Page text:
By Kate Breslin
Published by Bethany House
Release Date: March 5th
Genre: Historical Christian Fiction, Romance, Suspense Pigeons, WWI
About the Book: In spring 1918, Lieutenant Colin Mabry, a British soldier working with MI8 after suffering injuries on the front, receives a message by carrier pigeon. It is from Jewel Reyer, the woman he once loved and who saved his life–a woman he believed to be dead. Traveling to France to answer her urgent summons, he desperately hopes this mission will ease his guilt and restore the courage he lost on the battlefield.
Colin is stunned, however, to discover the message came from Jewel’s half sister, Johanna. Johanna, who works at a dovecote for French Army Intelligence, found Jewel’s diary and believes her sister is alive in the custody of a German agent. With spies everywhere, Colin is skeptical of Johanna, but as they travel across France and Spain, a tentative trust begins to grow between them.
When their pursuit leads them straight into the midst of a treacherous plot, danger and deception turn their search for answers into a battle for their lives.
NORA’S REVIEW: Readers meet Lieutenant, Colin Mabry caught in the middle of a re-occurring nightmare. He’s in Hastings, Britain, the year 1918. He’s thankful to be awakened by a knock on his door that stopped his dream. He was being summonsed to decode some messages.
He decodes the messages quickly then comes across one addressed to him, requesting a meeting alone with Jewel (a women saved his life and hasn’t seen in over a year).
Colin attends the meeting but it turns out not to be the women he was looking for. This woman’s name is Johanna Reyer not Jewel. Johanna explains why she is here in Jewel’s place. She seeks his help to find a missing person.
I learned so much when Johanna shows Colin the Chateau de Gall. “We call it LaMaison des Oiseaux. The birdhouse.” She then explains “we work with pigeons that bring messages from the Front lines….We send intelligence on to your British Army headquarters at Montreuil.”
How they used these courageous birds was mind boggling. Colin was fascinated (and so was I) about the dovecote; which can hold up to 250 pigeons.
Jo pleads her case and tells Colin how she found him. Colin is on board to help find Jewel after seeing and reading her diary. They travel together posing as husband and wife. Colin says to Joanna, “So you need me more than protection.” He watched her with an unreadable expression. Jo met his gaze with honesty. “You are the only one who can tell me for certain if the woman is my sister.”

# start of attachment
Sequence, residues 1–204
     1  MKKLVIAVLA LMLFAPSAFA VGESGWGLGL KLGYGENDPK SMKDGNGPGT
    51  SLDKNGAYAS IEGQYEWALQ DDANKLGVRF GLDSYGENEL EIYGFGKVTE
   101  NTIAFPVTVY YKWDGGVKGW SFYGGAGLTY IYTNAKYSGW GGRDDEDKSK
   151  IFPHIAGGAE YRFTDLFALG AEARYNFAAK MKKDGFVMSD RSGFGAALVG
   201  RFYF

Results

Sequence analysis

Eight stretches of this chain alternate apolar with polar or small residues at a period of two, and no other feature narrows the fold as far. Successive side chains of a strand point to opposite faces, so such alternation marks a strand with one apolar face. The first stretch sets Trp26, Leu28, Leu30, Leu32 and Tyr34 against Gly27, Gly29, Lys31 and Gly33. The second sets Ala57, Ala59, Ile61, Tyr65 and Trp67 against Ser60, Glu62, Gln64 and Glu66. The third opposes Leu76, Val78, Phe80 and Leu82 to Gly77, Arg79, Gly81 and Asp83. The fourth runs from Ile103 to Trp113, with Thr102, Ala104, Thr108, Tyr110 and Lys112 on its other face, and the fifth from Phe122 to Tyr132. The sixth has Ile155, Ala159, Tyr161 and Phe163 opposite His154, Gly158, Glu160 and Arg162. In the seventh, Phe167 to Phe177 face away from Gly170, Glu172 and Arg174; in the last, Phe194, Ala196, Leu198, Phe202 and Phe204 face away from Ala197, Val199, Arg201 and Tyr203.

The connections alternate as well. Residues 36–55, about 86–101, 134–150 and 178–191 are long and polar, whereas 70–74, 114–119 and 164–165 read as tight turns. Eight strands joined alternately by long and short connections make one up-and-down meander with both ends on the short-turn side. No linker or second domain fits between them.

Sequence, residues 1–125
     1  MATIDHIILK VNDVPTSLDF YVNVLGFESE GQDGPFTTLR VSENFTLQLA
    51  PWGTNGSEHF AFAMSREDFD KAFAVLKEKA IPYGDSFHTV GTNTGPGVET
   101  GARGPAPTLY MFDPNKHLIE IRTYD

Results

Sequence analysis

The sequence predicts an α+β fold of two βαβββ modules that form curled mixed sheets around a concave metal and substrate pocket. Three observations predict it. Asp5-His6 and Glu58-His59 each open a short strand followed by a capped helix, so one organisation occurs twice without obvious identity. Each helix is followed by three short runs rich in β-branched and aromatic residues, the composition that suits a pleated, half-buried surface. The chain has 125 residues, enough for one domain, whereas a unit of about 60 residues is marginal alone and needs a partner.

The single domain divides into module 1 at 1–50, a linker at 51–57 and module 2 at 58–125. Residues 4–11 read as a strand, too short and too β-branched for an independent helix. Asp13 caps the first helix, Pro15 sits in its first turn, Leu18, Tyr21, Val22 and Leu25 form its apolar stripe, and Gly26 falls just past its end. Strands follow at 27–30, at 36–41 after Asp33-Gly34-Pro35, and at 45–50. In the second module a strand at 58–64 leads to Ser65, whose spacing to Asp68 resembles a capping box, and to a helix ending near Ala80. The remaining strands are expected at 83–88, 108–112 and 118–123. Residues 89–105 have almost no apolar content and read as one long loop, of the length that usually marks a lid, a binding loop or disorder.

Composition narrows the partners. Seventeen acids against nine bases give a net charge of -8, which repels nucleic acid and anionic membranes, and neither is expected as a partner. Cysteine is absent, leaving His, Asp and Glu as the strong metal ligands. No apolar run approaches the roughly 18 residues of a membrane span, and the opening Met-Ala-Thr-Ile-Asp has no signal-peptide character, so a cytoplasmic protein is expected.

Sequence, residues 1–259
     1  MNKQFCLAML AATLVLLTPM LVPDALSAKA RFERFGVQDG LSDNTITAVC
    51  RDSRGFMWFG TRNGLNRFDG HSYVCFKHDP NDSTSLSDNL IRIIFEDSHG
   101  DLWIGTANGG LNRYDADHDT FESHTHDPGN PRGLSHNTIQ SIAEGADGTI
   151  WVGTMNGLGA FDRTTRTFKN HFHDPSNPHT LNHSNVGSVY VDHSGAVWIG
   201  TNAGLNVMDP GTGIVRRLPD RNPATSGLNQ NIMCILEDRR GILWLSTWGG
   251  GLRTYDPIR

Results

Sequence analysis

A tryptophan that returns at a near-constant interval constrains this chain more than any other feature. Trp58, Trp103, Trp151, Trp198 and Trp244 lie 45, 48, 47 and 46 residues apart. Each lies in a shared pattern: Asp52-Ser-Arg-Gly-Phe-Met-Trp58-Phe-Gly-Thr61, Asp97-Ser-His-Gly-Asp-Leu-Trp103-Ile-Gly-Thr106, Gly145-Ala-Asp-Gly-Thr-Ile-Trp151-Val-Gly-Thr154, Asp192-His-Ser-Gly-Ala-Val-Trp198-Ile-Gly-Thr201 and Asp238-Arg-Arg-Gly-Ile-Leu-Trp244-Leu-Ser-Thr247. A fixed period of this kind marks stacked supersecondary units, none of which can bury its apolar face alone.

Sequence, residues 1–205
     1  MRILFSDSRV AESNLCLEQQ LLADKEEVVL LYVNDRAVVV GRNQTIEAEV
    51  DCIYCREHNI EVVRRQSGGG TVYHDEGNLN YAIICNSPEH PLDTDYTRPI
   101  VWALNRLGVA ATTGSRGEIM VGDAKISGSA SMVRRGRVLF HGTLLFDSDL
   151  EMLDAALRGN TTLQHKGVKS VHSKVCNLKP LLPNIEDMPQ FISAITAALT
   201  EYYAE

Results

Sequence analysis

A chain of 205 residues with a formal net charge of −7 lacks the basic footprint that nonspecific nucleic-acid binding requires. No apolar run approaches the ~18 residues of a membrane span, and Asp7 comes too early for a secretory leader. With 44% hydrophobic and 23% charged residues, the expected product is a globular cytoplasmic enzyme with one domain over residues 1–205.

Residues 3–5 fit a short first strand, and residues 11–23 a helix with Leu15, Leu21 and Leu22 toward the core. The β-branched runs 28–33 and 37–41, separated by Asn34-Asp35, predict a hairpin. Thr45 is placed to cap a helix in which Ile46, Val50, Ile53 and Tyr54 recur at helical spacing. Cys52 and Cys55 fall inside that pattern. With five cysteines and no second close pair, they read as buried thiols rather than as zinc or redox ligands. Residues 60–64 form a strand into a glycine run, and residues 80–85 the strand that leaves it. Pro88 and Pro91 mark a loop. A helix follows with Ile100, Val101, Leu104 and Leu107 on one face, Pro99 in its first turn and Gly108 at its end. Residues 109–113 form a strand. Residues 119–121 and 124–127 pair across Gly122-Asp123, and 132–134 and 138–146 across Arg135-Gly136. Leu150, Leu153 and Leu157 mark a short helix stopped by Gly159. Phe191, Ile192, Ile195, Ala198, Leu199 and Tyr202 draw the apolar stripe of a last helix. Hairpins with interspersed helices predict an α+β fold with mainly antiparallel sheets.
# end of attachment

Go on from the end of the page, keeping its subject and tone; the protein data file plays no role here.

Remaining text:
Sparks start to fly in more ways than one as Colin’s higher ups want him to head home. He stays the course with Jo in hopes he’d meet Jewel again. Things get increasingly complicated as the plot thickens. The two posing as husband and wife are drawn closer to each other physically and emotionally, as they get further in the line of danger. Together they discover clues they only share among themselves. They begin to realize they could only trust each other. I liked Colin and Jo and the special moments they shared in Paris.
The author says, “As one who appreciates learning history thru stories, I strive for historical accuracy in my novels whenever possible, but there is time when taking literary license is necessary.” Then she states what she had to change and why. I like when authors do that.
This is a mysterious, suspenseful read with a tender romance taken place during WWI, filled with adventure, a natural faith message and lots of twists and turns I didn’t see coming. Some characters have to face their fears as the plot unfolds. I enjoy being entertained as I learned about aspects of WWI I had never heard of before. This makes for an enjoyable, fun read that would make a great book club pick. There is so much in here.
Disclosure of Material Connection: I received a complimentary copy of this book from the Publisher. I was not required to write a positive review. The opinions I have expressed are my own. I am disclosing this in accordance with the Federal Trade Commission’s 16 CFR, Part 255 “Guides Concerning the Use of Endorsements and Testimonials in Advertising”
Nora St. Laurent
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